What Is a Floor Trader?
A floor trader is an exchange member who executes transactions from the floor of the exchange, exclusively for their own account. Floor traders used to use the open outcry method in the pit of a commodity or stock exchange, but now most of them use electronic trading systems and do not appear in the pit.
Floor traders fulfill an important role in commodity and stock markets by providing liquidity and narrowing bid-ask spreads. Floor traders may also be referred to as individual liquidity providers or registered competitive traders.
- A floor trader is an exchange member who executes transactions from the floor of the exchange, exclusively for their own account.
- Floor trading has become increasingly rare as electronic trading has become faster and cheaper, with many exchanges closing their trading floors altogether.
Understanding the Floor Trader
Floor traders are the traders typically represented in movies when a scene of a securities exchange is shown. These traders are often depicted as being emotionally invested in the trades they are executing because they are trading with their own money. In reality, most traders are not floor traders, and floor traders are increasingly rare, primarily because most traders who use their own money have switched to electronic trading, which is not conducted in the pit.
A floor trader is required to pass a screening process before trading on an exchange. The National Futures Association requires floor trader applicants to file the following: Form 8-R completed online, fingerprint cards, proof from a contract market that the individual has been granted trading privileges, and a non-refundable application fee of $85. Other exchanges have their own screening requirements.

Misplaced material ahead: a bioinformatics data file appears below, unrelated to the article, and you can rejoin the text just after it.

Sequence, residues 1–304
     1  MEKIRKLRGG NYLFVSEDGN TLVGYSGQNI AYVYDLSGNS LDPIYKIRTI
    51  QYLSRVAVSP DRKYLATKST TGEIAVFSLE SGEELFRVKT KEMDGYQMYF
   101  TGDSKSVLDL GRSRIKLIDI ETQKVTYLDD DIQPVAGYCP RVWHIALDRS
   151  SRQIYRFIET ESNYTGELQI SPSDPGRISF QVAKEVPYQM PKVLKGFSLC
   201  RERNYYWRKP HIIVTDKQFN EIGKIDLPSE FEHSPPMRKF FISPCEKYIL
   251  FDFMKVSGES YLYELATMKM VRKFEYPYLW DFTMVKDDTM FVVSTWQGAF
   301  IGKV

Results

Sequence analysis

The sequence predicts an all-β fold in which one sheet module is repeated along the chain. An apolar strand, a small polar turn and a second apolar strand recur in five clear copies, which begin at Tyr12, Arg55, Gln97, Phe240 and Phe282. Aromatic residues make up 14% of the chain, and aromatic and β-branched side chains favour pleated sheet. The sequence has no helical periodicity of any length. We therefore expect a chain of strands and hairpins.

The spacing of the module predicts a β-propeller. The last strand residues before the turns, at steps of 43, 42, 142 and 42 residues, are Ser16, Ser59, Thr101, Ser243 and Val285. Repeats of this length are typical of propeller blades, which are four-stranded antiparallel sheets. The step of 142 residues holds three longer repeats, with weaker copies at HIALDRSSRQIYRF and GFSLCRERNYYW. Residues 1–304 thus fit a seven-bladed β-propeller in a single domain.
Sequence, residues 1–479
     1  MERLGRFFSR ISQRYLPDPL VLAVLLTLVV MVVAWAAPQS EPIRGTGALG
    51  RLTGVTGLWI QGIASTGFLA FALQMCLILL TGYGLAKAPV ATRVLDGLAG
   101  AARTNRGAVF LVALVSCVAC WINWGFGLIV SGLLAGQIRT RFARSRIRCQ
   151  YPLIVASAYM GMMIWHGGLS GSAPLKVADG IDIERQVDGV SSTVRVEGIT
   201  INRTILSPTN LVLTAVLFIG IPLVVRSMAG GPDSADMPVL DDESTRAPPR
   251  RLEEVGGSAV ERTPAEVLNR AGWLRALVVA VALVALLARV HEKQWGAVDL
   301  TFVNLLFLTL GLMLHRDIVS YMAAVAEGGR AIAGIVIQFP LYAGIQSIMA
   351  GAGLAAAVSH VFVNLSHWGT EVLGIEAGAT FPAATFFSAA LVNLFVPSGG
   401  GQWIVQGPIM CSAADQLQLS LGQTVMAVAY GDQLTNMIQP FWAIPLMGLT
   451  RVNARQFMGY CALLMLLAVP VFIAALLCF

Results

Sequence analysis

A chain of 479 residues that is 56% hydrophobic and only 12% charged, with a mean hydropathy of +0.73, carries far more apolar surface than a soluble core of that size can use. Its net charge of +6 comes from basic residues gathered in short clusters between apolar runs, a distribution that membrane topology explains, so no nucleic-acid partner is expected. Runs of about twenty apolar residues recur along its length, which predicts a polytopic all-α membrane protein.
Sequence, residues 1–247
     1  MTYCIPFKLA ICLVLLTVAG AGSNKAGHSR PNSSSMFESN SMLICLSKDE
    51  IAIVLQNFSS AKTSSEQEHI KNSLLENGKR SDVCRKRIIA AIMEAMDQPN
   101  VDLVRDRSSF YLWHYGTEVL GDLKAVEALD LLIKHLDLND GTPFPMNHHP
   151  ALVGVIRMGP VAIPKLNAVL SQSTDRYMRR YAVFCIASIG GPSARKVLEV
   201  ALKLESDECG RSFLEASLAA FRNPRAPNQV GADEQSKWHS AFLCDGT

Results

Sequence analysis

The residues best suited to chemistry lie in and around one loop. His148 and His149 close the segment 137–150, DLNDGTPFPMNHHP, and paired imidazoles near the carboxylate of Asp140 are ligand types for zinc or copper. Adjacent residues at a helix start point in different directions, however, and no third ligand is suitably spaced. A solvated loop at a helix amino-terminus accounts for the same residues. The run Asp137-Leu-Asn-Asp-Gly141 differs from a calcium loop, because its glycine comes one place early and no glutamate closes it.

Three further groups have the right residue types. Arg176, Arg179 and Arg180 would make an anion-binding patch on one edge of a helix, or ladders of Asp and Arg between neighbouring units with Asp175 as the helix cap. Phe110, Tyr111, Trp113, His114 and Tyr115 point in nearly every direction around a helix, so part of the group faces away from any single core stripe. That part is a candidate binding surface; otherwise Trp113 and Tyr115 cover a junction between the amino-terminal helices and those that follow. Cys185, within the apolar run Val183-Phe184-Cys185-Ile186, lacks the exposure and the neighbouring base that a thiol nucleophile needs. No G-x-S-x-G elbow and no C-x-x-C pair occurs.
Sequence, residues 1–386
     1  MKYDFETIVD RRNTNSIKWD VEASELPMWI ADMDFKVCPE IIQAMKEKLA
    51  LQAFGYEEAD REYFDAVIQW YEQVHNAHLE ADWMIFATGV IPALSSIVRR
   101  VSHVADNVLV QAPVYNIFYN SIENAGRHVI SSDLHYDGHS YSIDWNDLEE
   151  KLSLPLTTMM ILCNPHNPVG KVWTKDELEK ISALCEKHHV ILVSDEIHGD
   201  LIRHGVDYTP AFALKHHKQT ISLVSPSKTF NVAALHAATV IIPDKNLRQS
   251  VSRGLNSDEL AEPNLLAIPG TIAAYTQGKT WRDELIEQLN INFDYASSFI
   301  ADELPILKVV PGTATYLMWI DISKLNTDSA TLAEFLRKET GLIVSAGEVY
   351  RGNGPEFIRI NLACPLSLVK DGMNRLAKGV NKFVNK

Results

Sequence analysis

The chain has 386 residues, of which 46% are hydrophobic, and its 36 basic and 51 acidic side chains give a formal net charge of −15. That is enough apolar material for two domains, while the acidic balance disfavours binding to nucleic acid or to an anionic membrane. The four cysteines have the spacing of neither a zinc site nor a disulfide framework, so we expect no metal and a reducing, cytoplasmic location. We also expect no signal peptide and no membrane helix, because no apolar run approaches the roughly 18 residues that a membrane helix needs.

Floor Traders, Market Makers, and Brokers
Floor traders are in the pit with market makers and brokers, but they play different roles. Brokers work on behalf of clients while market makers mostly provide liquidity. Floor traders also provide liquidity, but their primary motivation is making profits with their own money. However, all parties are looking for the best order execution possible. Depending on the rules of the exchange, a floor broker may be given permission to trade for their own account in addition to that of the firm or client they represent. In this case, a person can be both a floor broker and a floor trader.
The Future of Floor Trading
Floor trading has become increasingly rare as electronic trading has become faster and cheaper, with many exchanges closing their trading floors altogether. The coronavirus pandemic has added more uncertainty to the future of floor trading. The outbreak led the New York Stock Exchange and many others to temporary close their trading floors beginning in March 2020. Many exchanges are resuming floor trading in phases, but the future of the floor trader as an occupation is anything but assured.